This subdivision of anthropology focuses on the contemporary study of human cultures. Nevertheless, great emphasis is placed on the present human cultures. In this case, the diversity that subsists between different ways of life is compared. This includes the exploration of how these cultures work within different societies as well as their change over time. Most importantly, the manner in which these cultures interrelate with each other in the contemporary world is analyzed. The cross-cultural analysis also proves essential in understanding the varied experiences of subjects to these cultures. This also takes account of how these cultures are passed from one generation to the next. In a broad perspective, cultural anthropology provides an explanation of how different people interact with their environment through their cultural adaptions.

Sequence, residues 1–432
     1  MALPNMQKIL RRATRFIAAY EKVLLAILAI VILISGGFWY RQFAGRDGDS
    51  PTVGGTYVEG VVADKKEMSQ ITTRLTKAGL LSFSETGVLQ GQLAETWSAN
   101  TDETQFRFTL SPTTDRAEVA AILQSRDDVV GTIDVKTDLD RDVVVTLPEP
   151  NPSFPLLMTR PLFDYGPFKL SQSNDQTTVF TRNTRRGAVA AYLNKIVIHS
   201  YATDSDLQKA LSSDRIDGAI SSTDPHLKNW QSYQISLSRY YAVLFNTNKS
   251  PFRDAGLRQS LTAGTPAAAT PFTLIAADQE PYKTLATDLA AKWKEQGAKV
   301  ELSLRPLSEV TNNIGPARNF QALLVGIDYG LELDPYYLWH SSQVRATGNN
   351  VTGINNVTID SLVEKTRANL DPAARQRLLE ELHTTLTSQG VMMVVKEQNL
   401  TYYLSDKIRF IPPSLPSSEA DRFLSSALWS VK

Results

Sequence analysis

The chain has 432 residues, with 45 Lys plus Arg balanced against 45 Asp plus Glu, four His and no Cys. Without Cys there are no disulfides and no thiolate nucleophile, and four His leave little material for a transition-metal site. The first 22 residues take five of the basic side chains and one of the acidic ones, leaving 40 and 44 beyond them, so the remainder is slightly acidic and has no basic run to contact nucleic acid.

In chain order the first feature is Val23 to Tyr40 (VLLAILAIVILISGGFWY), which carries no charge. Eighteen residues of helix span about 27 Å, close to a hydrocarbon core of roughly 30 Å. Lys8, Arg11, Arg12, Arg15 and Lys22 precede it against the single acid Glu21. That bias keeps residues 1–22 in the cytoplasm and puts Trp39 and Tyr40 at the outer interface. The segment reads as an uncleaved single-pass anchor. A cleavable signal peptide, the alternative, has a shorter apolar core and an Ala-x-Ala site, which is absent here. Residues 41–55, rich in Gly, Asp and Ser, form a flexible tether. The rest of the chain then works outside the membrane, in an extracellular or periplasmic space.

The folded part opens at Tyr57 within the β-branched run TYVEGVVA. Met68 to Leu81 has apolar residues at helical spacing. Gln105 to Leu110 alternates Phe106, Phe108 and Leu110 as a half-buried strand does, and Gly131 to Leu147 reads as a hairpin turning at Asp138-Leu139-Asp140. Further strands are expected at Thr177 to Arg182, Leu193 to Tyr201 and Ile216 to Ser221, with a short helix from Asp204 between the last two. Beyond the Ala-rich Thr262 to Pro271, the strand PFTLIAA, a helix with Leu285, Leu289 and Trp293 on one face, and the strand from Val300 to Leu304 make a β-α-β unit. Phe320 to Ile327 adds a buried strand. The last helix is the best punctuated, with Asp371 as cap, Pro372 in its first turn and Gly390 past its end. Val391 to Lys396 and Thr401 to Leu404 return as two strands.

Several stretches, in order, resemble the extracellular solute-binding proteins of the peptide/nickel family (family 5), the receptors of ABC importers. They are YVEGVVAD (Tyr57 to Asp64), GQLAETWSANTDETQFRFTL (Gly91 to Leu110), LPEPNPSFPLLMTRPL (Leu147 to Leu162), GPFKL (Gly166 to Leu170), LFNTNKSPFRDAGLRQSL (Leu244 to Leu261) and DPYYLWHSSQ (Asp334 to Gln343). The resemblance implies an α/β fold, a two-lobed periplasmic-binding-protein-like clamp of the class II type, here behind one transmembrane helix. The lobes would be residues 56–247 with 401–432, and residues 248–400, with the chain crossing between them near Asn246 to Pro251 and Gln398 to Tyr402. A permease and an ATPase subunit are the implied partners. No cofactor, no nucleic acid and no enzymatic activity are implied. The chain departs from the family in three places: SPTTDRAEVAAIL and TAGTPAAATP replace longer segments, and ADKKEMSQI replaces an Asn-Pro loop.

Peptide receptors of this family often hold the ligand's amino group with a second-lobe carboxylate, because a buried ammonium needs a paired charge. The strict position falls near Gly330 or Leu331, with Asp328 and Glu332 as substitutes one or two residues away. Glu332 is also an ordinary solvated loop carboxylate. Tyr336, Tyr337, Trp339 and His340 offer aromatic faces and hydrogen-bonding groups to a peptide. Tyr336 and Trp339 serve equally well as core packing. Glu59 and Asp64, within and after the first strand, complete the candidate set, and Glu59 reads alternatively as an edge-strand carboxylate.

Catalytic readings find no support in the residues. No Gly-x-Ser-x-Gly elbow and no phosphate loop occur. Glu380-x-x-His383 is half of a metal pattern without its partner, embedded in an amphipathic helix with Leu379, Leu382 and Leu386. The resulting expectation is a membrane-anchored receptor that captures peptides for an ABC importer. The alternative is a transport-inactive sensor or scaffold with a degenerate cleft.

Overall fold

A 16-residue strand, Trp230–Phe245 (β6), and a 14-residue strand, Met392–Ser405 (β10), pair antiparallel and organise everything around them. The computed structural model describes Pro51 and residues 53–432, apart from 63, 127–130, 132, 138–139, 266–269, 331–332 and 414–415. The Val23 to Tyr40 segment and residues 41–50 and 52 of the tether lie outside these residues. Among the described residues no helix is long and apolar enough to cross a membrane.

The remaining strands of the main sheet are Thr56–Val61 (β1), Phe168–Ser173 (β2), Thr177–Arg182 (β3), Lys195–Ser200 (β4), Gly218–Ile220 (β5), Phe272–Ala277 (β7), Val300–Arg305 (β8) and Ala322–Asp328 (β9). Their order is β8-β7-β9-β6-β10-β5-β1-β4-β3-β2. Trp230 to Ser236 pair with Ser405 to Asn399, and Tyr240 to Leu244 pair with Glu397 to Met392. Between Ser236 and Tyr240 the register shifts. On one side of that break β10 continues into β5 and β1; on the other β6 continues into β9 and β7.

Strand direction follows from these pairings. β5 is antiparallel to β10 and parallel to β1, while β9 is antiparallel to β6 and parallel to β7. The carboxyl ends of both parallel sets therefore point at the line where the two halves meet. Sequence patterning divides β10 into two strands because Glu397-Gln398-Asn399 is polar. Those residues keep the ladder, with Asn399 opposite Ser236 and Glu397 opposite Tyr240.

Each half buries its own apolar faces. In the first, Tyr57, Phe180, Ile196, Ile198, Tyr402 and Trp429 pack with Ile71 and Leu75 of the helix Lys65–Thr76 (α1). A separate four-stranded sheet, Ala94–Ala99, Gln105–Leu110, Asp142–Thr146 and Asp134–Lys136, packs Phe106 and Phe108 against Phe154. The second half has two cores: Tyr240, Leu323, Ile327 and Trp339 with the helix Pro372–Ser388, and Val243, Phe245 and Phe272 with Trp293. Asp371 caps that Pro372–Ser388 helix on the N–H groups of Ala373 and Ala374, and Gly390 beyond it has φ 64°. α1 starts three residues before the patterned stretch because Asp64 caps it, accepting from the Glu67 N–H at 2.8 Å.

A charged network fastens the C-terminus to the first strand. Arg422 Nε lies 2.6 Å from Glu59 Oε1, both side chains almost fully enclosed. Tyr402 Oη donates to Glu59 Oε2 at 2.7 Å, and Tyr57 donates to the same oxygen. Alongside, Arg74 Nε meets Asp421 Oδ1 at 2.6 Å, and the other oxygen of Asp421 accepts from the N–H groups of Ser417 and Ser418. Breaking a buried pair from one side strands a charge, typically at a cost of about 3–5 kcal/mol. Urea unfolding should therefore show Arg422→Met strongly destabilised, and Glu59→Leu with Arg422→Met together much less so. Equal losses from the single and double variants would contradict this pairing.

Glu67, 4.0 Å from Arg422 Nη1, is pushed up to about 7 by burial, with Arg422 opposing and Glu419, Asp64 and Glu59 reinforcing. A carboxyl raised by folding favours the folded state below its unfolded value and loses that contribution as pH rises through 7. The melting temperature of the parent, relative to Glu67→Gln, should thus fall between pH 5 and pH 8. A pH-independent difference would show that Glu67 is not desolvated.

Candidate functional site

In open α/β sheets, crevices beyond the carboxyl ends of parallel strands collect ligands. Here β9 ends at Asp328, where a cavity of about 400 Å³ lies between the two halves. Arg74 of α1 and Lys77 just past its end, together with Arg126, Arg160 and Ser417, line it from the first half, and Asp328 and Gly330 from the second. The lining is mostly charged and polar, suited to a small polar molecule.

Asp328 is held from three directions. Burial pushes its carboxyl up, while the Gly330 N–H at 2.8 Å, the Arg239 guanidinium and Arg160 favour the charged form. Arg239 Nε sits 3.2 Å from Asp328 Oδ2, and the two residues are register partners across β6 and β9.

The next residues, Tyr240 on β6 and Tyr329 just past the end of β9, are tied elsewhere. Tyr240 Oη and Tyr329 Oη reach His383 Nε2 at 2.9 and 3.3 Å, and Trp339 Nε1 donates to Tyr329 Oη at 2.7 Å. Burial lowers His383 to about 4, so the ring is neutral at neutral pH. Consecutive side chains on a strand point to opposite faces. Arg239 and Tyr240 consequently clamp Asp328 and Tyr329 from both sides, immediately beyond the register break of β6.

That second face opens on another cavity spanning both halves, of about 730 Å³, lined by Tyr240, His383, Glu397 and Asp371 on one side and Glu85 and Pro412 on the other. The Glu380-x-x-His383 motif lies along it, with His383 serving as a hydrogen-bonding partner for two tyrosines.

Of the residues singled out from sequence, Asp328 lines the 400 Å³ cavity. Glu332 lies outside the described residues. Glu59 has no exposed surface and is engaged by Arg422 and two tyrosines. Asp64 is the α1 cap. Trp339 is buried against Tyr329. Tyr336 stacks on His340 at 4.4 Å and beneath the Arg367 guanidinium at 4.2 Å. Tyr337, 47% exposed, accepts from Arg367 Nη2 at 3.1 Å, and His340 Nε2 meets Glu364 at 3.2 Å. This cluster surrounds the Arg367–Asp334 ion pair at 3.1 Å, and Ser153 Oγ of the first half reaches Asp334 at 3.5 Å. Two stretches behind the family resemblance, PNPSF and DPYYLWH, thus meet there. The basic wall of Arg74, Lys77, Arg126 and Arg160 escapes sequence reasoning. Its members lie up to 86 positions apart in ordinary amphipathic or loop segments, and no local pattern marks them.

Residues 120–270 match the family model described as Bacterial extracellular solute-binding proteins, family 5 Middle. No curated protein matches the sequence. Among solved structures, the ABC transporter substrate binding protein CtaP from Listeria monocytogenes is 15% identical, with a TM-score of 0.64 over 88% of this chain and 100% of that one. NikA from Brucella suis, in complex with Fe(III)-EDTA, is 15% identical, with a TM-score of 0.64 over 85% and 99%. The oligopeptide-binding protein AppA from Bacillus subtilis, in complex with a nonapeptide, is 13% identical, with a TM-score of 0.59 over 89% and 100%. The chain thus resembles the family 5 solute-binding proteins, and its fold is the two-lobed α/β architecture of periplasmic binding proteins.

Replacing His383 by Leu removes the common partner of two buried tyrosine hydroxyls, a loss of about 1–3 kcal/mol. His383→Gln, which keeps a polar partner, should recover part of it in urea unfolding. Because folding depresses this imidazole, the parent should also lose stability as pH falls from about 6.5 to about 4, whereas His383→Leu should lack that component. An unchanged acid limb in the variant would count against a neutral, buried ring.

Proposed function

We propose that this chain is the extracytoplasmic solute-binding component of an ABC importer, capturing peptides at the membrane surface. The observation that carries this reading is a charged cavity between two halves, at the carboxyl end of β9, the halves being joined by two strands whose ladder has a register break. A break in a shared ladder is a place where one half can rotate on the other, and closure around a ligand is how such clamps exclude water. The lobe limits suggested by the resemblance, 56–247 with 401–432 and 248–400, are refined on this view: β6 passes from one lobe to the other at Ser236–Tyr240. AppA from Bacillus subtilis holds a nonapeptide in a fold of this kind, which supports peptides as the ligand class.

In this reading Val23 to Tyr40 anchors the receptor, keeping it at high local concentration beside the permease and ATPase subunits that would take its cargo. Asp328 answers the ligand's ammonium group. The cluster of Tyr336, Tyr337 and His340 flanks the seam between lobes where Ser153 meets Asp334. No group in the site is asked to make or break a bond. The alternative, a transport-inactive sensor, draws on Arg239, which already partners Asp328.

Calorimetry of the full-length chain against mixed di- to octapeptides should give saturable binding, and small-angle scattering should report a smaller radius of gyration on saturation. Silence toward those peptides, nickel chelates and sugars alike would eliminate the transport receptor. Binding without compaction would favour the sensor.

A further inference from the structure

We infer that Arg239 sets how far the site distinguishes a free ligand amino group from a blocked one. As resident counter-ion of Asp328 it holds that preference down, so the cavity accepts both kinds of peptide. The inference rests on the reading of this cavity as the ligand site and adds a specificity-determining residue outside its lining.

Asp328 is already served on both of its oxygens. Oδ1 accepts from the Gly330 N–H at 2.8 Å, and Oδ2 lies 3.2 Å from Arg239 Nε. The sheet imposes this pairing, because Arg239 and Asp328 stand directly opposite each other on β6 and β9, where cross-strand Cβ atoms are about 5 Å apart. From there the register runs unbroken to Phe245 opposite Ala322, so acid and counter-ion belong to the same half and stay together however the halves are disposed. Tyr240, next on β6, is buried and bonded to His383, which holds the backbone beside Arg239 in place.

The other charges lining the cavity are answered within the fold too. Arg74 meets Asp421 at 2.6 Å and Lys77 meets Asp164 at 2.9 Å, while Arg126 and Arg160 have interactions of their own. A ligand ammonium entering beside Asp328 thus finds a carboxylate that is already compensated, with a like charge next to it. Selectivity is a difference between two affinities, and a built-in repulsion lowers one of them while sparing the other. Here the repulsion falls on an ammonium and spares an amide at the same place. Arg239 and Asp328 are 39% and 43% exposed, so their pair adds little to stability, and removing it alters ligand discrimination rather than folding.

In order to make comparisons between different cultures adopted by people, an emphasis an emphasis is placed on the definable principles of social order that evident in these cultures. This is because the principles are factors that make the cultures meaningful to its adherents. This phenomenon is what makes diverse cultures open and responsive to scientific examination. Such examinations also focus on the comparison of religious belief, matrimonial systems, economic structures and political systems. Anthropologists, therefore, seek to identify both the shared and distinctive features, which may be presented among diverse cultures. These comparisons, therefore, provide a platform on which people can understand their own culture, other people’s cultures and the relationship to their social environment.